Fate of thiabendazole through the treatment of a simulated agro-food industrial effluent by combined MBR/Fenton processes at μg/L scale.Water Res. 2014 Mar 15; 51:55-63.WR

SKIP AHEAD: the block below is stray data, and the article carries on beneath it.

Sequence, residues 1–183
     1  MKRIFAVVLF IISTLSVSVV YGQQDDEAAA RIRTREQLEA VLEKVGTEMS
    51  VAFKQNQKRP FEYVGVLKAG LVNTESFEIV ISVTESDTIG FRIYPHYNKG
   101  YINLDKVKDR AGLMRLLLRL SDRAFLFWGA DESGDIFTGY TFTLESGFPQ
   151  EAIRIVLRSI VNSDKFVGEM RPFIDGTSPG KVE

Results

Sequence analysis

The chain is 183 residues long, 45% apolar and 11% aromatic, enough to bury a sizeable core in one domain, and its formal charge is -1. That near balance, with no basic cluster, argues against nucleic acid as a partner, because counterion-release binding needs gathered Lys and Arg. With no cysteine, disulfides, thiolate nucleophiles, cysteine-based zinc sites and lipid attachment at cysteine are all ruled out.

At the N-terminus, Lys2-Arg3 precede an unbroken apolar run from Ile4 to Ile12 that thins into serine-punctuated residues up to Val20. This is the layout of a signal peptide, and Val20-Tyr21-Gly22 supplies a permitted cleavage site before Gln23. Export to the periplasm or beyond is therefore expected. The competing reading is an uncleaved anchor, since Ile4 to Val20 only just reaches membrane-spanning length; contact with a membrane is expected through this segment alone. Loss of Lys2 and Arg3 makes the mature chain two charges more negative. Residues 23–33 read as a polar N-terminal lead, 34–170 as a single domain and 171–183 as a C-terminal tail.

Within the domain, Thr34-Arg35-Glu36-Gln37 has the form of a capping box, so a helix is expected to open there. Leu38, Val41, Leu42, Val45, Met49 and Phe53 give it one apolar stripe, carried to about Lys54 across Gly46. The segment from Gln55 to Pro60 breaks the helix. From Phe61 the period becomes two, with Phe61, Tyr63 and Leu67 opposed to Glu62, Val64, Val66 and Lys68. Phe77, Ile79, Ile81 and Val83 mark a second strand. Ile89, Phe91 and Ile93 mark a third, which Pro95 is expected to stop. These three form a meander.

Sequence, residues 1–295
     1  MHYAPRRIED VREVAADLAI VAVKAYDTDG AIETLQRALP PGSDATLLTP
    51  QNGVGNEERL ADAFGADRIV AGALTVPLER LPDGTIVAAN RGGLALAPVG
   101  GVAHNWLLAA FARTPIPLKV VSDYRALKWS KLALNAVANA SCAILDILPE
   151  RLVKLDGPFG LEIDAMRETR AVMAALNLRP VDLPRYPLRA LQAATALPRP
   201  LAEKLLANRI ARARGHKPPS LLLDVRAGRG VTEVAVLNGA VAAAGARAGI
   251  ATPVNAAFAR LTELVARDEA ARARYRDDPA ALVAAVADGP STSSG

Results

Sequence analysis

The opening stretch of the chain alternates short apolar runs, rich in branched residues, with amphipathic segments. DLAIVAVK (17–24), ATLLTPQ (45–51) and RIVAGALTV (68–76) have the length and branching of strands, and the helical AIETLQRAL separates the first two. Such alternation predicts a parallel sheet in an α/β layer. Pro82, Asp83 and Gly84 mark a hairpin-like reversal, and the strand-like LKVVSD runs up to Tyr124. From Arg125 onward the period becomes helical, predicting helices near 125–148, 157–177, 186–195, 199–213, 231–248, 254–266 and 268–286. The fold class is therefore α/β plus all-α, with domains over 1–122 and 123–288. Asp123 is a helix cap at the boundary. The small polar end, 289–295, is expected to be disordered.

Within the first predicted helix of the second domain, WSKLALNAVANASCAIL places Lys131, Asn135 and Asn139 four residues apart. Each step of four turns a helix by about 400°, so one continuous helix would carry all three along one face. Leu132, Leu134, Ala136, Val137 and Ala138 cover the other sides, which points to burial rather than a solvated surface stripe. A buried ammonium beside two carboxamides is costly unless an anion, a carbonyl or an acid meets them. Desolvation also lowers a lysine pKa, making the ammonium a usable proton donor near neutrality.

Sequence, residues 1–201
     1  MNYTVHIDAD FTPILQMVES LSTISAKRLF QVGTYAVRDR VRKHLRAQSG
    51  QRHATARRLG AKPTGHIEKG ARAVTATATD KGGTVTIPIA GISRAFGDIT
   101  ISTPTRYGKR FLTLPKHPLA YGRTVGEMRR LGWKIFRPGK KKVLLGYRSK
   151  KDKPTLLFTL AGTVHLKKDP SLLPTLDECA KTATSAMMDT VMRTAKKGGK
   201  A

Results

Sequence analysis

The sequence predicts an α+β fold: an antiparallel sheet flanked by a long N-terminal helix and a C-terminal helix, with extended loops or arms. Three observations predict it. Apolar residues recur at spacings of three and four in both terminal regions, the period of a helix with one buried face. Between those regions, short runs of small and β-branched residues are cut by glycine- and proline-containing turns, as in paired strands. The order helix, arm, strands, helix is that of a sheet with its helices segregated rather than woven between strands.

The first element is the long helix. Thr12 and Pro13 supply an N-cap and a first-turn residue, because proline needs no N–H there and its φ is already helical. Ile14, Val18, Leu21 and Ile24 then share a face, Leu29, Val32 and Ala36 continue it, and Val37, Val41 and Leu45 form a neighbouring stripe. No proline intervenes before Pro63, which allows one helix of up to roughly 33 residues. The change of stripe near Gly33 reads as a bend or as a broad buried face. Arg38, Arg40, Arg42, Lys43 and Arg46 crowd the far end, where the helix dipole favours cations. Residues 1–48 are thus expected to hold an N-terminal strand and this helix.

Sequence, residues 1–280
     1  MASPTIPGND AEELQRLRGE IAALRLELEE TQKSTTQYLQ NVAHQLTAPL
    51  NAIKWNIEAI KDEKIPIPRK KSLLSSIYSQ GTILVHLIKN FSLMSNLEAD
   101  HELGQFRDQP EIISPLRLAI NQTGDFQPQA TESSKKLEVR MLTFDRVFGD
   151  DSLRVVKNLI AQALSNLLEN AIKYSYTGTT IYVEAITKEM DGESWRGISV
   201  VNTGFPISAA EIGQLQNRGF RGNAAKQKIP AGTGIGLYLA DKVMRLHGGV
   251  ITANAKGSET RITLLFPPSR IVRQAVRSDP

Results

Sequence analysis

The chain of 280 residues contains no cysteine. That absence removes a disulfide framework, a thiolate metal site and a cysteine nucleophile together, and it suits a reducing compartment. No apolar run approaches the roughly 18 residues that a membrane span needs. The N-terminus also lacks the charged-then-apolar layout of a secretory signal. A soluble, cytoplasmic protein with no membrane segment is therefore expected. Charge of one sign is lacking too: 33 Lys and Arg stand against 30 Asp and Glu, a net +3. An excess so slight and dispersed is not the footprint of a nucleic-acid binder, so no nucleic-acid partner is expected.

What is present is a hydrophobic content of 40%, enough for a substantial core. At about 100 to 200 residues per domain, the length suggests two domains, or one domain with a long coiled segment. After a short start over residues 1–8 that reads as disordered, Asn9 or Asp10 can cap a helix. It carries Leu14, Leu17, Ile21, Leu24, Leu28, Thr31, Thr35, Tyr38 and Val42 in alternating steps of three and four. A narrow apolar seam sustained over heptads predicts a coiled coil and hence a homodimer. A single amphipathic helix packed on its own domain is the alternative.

This study has been carried out to assess the performance of a combined system consisting of a membrane bioreactor (MBR) followed by an advanced oxidation process (Fenton/Photo-Fenton) for removing the fungicide thiabendazole (TBZ) in a simulated agro-food industrial wastewater. Previous studies have shown the presence of TBZ in the effluent of an agro-food industry treated by activated sludge in a sequencing batch reactor (SBR), thus reinforcing the need for alternative treatments for removal. In this study, a simulated agro-food industry effluent was enriched with 100 μg L(-1) TBZ and treated by combined MBR/Fenton and MBR/solar photo-Fenton systems. Samples were directly injected into a highly sensitive liquid chromatography-triple quadrupole-linear ion trap-mass spectrometer (LC-QqLiT-MS/MS) analytical system to monitor the degradation of TBZ even at low concentration levels (ng L(-1)). Results showed that the biological treatment applied was not effective in TBZ degradation, which remained almost unaltered; although most dissolved organic matter was biodegraded effectively. Fenton and solar photo-Fenton, were assayed as tertiary treatments. The experiments were run without any pH adjustment by using an iron dosage strategy in the presence of excess hydrogen peroxide. Both treatments resulted in a total degradation of TBZ, obtaining more than 99% removal in both cases. To assure the total elimination of contaminants in the treated waters, transformation products (TPs) of TBZ generated during Fenton degradation experiments were identified and monitored by liquid chromatography-quadrupole time-of-flight mass spectrometry (LC-QTOF-MS/MS). Up to four TPs could be identified. Two of them corresponded to mono-hydroxylated derivatives, typically generated under hydroxyl radicals driven processes. The other two corresponded with the hydrolysis of the TBZ molecule to yield benzoimidazole and thiazole-4-carboxamidine. All of them were also degraded during the treatment.